Next. Who did she go with? Whoever it was, I’m a little worried about this character. The singer says, “One time I crossed that bridge (to Vinegar Hill) happy, the next time I crossed it, I crossed it alone.”

Am I just being haunted by John Laprade’s felon from yesterday’s post, or am I on to something?

The singer says going to Vinegar Hill felt like having all the time in the world, and yet, she doesn’t know the way back. I’m thinking, Lost weekend. You’ve seen that movie, right?

The biggest brain teaser is, why does Vinegar Hill remind the singer of Texas? It sounds like Vinegar Hill reminds her of Texas in a good way . . . and she sings about her oldest friend . . . but Anne Carley says, “Vinegar Hill is a neighborhood across the river from Manhattan” so I want to know, what’s the Texas connection?

Anne, you say Vinegar Hill is a story song. I want to know the rest of the story. Are we going to get a Vinegar Hill Part II? You know, if you don’t write it, one of the other Sirens is going to have to jump in and do it. John?

The singer took no pictures of the person she went to Vinegar Hill with, and she sounds slightly sad about that. But hey, pictures could wind up as evidence, right? Evidence of a broken heart? Or something more? ;)

Although you can’t learn more about the singer’s mysterious trip to Vinegar Hill now, you can learn more about Anne Carley—who I hope will understand I’ve had a bit of fun here with her beautiful song, which I obviously find inspiring—by clicking on the cover of her CD, Portfolio.

P.S. I know you know this, but Bertolt Brecht was a German poet, playwrite, and theater director who believed in collective and collaborative work methods. With that in mind, Anne would probably dig it if you wrote VH Pt. II and posted it on Sirenstories. Just sayin’.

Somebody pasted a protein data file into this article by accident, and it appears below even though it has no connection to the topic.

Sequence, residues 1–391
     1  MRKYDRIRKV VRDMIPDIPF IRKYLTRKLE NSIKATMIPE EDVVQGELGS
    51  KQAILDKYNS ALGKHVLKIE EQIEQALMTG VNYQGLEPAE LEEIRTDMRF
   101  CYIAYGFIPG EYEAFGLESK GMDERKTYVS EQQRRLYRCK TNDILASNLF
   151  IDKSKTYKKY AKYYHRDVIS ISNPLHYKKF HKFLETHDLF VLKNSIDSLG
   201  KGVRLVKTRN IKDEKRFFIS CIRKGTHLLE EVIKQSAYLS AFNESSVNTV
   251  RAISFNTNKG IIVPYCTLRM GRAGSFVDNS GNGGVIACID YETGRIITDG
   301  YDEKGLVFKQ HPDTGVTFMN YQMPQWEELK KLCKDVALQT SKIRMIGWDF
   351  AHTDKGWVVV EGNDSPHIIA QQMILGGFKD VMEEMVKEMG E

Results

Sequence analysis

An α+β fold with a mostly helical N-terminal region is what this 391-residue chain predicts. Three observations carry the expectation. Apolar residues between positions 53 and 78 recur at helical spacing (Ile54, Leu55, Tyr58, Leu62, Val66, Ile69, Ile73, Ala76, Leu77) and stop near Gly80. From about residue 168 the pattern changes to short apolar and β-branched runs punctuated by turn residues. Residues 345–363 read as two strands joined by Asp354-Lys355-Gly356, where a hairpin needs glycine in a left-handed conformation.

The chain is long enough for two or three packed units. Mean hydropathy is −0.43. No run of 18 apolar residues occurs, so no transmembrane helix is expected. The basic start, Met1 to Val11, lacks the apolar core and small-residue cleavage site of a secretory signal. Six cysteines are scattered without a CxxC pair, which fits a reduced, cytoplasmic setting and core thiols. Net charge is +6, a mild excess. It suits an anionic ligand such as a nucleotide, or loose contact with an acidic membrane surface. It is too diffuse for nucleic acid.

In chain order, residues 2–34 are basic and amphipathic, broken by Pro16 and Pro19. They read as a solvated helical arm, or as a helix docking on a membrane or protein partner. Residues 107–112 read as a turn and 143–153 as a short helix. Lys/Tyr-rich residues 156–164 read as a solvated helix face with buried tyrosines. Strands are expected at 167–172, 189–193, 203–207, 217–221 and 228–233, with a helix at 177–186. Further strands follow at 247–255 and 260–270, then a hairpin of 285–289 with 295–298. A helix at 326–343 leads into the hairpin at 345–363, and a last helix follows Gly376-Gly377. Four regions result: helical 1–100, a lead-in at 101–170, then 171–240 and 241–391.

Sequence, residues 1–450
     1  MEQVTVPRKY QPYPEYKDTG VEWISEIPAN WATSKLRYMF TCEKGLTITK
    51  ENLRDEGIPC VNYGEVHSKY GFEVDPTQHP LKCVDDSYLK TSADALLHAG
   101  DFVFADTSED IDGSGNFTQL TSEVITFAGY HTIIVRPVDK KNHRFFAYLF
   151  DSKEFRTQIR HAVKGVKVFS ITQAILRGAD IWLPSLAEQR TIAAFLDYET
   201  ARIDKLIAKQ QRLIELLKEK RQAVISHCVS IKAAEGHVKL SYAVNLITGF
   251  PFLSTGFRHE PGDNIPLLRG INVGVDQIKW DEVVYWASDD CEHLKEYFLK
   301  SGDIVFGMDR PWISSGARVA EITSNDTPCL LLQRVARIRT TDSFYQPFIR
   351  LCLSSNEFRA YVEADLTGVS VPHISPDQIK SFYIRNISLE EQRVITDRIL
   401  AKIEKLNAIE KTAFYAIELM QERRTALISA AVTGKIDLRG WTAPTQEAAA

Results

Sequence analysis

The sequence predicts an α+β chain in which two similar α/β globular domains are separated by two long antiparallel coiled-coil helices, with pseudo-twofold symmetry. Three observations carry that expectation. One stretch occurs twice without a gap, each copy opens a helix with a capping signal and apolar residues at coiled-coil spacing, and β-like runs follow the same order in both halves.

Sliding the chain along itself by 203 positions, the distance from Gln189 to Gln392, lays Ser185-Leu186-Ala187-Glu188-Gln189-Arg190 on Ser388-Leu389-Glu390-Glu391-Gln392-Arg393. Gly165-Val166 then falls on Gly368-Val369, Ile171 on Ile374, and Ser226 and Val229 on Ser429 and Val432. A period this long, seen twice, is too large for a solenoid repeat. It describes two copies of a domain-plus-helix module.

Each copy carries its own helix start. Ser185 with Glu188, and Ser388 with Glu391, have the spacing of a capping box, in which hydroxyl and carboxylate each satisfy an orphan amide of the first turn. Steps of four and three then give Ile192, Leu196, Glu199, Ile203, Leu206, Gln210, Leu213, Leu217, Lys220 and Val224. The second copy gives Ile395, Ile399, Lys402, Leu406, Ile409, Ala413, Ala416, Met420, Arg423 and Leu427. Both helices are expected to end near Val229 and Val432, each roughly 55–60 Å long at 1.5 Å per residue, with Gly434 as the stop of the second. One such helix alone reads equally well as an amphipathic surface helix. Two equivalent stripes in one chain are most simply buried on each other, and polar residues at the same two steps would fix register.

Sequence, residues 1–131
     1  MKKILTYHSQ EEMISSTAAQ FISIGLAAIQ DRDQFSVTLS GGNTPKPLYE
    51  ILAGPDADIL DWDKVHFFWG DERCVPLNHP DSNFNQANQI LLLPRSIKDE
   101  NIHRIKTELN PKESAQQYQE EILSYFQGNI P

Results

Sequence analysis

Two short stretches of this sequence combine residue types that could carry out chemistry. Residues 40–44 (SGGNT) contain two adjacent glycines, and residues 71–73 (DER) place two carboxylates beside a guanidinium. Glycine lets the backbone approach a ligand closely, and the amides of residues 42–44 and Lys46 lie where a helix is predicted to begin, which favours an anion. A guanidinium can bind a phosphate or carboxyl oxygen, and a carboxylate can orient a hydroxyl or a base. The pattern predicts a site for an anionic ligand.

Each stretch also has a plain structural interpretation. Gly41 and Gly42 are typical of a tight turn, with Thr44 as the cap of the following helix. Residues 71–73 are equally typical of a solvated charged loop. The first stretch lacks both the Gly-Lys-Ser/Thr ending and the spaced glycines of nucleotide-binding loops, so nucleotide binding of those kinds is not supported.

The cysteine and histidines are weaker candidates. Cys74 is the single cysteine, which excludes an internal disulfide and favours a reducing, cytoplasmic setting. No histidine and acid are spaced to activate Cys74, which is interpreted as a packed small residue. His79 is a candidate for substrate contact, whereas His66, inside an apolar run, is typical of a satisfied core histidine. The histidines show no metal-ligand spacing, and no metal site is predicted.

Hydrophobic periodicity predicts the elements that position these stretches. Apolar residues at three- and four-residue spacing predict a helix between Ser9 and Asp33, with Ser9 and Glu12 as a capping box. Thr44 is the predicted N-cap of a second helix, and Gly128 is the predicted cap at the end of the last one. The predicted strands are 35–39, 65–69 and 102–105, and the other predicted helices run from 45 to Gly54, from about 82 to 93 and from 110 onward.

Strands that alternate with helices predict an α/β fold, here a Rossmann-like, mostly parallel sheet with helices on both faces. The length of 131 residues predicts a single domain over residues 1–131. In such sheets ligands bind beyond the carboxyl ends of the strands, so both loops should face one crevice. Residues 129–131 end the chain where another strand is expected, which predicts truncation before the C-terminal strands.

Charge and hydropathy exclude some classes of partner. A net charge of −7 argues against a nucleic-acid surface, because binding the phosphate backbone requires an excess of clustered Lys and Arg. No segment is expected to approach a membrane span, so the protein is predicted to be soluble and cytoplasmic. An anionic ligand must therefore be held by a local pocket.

World Class Faker

Meet the eleventh Siren, John Laprade.

For me, World Class Faker sounds best once you know the backstory.

Singer songwriter John Laprade says, “World Class Faker is the title track from my new album. I hope you like it. It was my attempt at writing from the prospective of a just released felon and what thoughts and feelings might be running through his mind.”

So did I do the right thing? Letting you read the story first? It explains everything in one line.

Without the story, I don’t know if I’d ever suspect this guy of being anything but nice, and maybe slightly wounded. His voice sounds so easy-going, I can imagine him sitting in my kitchen, singing while I . . . make breakfast. He wouldn’t mind that I’m not a good cook, he’s a nice guy. Eggs, toast, that would be enough. That’s what I thought on first listen.

But then, with one line of text, John Laprade changed everything. I would have suspected metaphor, but no. This is a Sirenstory. This sweet singer is one of those psychotically calm people who could snap at any moment. 1974? Yeah, this guy has a sweet voice—and a knife up his sleeve.